This episode examines whether steel conduit can be used as the CPC on it's own, or whether an additional copper wire needs to be installed inside the conduit.
Steel conduit is permitted for use as a circuit protective conductor (CPC). In the 18th edition of BS7671, regulation 543.2.1 states:
'A protective conductor may consist of one or more of the following: ... (vi) A metal conduit, metallic cable management system or other enclosure or electrically continuos support system for conductors.'
For connecting to accessories such as switches and sockets, regulation 543.2.7 requires that '... the earthing terminal of each accessory shall be connected by a separate protective conductor incorporated into the associated box or other enclosure.'.
Metal backboxes for sockets and switches already include such a terminal, so this is just installing a short piece of green/yellow insulated copper wire from that terminal to the earth terminal on the switch or socket.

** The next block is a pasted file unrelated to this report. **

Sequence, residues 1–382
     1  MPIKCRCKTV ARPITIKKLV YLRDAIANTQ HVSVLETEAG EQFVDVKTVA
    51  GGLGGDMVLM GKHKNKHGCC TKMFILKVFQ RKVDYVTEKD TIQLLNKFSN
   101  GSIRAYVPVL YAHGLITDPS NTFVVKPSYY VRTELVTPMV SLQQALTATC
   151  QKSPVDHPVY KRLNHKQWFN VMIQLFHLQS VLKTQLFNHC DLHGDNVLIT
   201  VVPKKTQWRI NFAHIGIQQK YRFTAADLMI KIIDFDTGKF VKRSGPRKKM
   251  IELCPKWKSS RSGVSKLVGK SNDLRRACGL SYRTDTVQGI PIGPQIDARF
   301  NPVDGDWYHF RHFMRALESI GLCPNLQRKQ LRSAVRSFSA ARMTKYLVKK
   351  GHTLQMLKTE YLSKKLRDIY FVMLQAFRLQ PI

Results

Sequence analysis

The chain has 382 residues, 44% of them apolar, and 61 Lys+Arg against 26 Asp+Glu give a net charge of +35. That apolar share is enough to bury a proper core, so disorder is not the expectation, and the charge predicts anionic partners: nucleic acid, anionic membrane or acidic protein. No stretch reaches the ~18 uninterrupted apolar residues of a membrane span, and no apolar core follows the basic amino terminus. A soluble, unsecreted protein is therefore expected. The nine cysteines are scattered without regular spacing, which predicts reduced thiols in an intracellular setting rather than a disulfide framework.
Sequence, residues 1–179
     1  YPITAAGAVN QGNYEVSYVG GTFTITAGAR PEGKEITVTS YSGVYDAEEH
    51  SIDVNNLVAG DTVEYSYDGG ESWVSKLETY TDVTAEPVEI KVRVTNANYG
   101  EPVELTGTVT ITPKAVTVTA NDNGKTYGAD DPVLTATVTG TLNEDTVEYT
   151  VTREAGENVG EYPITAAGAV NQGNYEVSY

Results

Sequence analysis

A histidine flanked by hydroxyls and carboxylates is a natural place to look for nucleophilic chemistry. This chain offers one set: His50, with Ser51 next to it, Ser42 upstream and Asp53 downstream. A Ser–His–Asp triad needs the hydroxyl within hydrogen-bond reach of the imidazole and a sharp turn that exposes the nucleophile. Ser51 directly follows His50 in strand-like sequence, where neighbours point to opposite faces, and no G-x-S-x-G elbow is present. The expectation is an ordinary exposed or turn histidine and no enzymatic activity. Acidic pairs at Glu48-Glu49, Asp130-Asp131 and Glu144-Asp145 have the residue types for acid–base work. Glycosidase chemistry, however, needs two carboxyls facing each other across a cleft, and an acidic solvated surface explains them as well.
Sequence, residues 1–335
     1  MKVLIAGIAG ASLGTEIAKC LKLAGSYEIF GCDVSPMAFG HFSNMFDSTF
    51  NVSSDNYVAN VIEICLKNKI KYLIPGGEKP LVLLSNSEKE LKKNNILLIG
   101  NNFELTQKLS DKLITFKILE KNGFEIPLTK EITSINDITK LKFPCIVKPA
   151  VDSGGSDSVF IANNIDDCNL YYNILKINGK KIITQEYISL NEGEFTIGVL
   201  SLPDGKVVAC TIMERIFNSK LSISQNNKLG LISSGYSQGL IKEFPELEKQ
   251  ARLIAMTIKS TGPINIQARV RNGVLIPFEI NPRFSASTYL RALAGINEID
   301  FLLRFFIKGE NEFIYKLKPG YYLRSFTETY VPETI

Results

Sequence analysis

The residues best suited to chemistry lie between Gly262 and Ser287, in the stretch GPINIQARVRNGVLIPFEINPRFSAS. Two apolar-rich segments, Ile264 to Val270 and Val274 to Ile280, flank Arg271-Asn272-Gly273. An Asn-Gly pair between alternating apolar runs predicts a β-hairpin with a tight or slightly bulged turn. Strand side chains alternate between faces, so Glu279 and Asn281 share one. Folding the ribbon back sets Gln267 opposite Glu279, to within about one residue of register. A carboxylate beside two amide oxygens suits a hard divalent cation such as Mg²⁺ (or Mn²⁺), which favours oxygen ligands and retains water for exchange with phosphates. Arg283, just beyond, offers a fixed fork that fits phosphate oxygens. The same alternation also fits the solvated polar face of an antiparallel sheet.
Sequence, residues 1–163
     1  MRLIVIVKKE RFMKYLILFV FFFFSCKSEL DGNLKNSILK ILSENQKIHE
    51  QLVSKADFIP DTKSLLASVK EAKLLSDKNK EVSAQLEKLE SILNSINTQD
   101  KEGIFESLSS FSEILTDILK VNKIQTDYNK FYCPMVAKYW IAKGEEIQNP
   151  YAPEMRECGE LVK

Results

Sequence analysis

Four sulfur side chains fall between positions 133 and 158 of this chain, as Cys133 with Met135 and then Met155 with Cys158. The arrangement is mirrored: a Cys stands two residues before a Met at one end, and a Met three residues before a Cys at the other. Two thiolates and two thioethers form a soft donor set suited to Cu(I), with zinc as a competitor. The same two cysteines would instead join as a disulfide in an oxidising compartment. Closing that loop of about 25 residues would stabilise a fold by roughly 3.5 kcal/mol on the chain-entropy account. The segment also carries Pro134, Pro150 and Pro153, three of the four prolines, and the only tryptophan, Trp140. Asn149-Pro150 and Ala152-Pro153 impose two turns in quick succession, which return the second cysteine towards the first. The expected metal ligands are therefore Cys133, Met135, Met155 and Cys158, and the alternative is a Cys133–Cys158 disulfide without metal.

Round conduit boxes have a 4mm threaded hole in the base. A ring crimp and 4mm screw can be used to attach a short piece of wire to connect to the accessory. This would typically be used in the case of ceiling lighting.
For all protective conductors, the minimum size can either be determined from Table 54.7, or by calculation as described in 543.1.3
This process is described in more detail in the video, but with either method, the worst case is that for copper, the CPC is the same size as the line conductor.
As steel has significantly less conductivity than copper, the cross sectional area required is approximately three times larger than for copper.
Using a size of 16mm² which in reality is too large to use with 20mm diameter conduit, this results in a CPC size of about 48mm².
20mm diameter steel conduit has a cross sectional area of 92mm², so even in the worst case situation, is still around twice as large as the minimum required.
Use of steel conduit as the CPC does require that it is installed and jointed correctly. It must also be suitable for the environment where it is installed, so that factors such as corrosion are considered. However these apply to any electrical installation, whether using conduit or not.